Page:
Groundwater is a strategic water resource used to meet the water security needs for more than half the South African population. On average, groundwater is underutilised in South Africa, with considerable opportunity for expansion. Expanding the use of groundwater can help communities and the state build resilience to the impacts of climate change and other drivers of water demand, such as urbanisation, population growth, industrialisation, and agricultural expansion.
In South Africa, groundwater is mainly found in complex geological formations and is typically a local resource. Hydrogeologists play a vital role in the exploration and sustainable management of groundwater resources. These geoscientists specialise in studying groundwater, including its properties, distribution, and movement through rocks and sediments beneath Earth's surface. In addition, they design and manage wellfields, develop, and implement operating rules to ensure that these systems are operated and maintained as efficiently as possible.
South Africa has a competent core of hydrogeologists across the public and private sectors – except where it matters the most. One would think that with the strategic nature of this resource for meeting water security needs and the complexity of our aquifer systems, that most water service providers and municipalities would have in their employ hydrogeologists.
Unfortunately, as far as we can establish, only one metro employs three hydrogeologists and one in a single district municipality, two out of the 254 municipalities have in their employ skilled groundwater personnel. It is thus no surprise that groundwater is being labelled “unreliable” and “dirty” by decision-makers that do not ensure that these strategic water supply schemes are adequately resourced.
Groundwater is the invisible resource on which many people rely, across the world, for water and food security. It is the resources preferred where no bulk pipeline can and will reach. Competent management of groundwater schemes is essential to ensure that they provide safe and reliable water supplies, protect the environment, and promote sustainable use of groundwater resources.
This is especially true for the complex fractured aquifers that characterise the South African landscape. Our understanding, development and management of these complex systems are well supported by excellent research products. These aquifer systems, because of the fractured characteristics, require systematic exploration and development at the wellfield or borehole scale. This is an intense activity but, done right, can provide sustainable water supplies.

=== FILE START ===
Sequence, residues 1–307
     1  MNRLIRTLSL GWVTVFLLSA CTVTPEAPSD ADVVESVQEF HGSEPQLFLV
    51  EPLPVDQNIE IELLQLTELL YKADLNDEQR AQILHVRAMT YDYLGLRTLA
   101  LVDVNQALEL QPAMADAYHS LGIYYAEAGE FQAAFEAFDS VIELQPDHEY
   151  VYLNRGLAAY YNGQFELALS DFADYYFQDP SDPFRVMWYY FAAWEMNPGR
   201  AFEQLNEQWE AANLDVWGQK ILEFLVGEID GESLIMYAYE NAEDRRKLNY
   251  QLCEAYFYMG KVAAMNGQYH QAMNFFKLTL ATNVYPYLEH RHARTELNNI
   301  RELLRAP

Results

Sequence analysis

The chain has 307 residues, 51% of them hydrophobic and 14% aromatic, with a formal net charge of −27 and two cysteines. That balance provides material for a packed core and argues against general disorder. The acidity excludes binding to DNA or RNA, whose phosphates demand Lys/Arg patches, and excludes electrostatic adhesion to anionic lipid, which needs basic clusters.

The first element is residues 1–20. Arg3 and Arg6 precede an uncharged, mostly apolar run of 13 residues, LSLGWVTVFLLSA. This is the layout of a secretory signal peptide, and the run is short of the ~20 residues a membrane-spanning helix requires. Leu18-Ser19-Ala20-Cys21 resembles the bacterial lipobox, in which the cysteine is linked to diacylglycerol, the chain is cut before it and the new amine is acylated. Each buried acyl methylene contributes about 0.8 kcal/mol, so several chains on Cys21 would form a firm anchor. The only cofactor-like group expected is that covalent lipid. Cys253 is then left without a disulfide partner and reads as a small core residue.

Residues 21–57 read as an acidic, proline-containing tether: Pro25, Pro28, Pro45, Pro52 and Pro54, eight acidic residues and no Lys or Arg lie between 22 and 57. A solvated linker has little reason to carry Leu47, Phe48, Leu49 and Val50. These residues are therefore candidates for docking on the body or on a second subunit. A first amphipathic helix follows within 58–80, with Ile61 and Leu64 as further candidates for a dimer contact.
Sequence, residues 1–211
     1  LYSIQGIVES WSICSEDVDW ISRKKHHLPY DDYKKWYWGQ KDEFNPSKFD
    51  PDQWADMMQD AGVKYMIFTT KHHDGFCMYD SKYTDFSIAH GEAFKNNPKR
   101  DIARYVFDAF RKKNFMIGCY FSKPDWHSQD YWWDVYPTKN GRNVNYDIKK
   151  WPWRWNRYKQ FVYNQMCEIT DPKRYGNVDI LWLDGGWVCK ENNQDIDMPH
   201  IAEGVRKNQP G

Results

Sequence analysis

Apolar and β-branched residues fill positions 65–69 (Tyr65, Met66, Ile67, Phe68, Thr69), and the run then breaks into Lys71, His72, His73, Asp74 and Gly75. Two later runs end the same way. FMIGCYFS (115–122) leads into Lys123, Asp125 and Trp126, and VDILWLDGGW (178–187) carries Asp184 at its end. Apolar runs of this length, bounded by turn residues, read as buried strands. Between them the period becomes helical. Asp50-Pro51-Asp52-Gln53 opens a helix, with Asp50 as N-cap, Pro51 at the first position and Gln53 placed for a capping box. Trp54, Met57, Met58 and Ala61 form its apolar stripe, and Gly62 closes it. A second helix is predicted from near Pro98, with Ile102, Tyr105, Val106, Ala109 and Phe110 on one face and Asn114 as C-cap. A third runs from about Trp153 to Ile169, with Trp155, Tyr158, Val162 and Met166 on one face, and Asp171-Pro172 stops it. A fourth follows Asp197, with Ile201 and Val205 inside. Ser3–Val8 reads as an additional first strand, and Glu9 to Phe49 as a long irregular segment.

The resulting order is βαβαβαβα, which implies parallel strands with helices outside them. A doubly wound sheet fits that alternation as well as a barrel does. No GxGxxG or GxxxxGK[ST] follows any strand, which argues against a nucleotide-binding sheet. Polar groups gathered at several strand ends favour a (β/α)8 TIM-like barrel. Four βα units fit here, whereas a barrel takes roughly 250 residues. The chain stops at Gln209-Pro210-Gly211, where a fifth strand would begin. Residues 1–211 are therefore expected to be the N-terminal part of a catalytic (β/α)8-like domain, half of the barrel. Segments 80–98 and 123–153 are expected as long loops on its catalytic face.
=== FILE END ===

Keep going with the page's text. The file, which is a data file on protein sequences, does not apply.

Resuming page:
Let’s take a quick detour. Water stored in surface reservoirs is easy to visualise and understand. As an example, a dam that is at 100% of full storage capacity is easy to visualise (a full bucket). Now try to visualise a body of rock with complex porosity systems (fractures and/or pore spaces). If we saturate these with water, the complexity of determining (or visualising) how full it is, is much more difficult. To unravel this complexity, hydrogeologists use various indirect and direct methods to determine the volume of water within these systems, including the flow through these bodies of rock. It is not something that anyone can do.
Once these aquifers (an aquifer is an underground layer of permeable rock, soil, or sediment that contains and transmits water) are explored and developed, it needs more direct and indirect measurements to maintain reliable and clean supplies. Incompetent management of groundwater schemes can lead to inefficiencies, increased costs, and reduced performance. Competent management, on the other hand, can help optimise operation and maintenance costs, ensure efficient use of resources, and maximise the lifespan of groundwater schemes.
If we hope to improve water and food security while becoming climate resilient, then we must insist on adequate resources to manage and develop local groundwater systems. It requires suitable permanent skills at municipalities that use groundwater as a sole or conjunctive resource. In some municipalities, there is a glimmer of hope as they explore alternative ways to improve the development and management of their groundwater resources. In a few instances, there are excellent champions for groundwater – the institutional entrepreneurs.
Institutional entrepreneurs are characterised by their ability to identify and exploit opportunities for change, challenge existing practices and norms, and mobilise support for their initiatives. They achieve this through proper planning and budgeting for help. This help comes from the private sector. National and provincial water and sanitation hydrogeologists assist where they can. Locally and globally, hydrogeological experience has moved away from the public sector into the private sector.
In the South African context, as interest in groundwater waned, many of these sought-after experts simply left the country. Hydrogeologists trained on these complex aquifer settings are indeed sought after internationally and generally neglected locally. In September, South Africa will host a global groundwater congress where the latest developments will be discussed and showcased. Unfortunately, at the time of writing, no municipal official has registered for this event.
The role of hydrogeologists is essential for ensuring the sustainable management of groundwater resources, which are critical for human survival and economic development. If we are indeed serious about making communities resilient while continuing to adapt to a hotter and drier climate, we need to correct this mismanagement of groundwater, especially in the municipal arena. The strategies, plans, tools, and expertise exist to do this.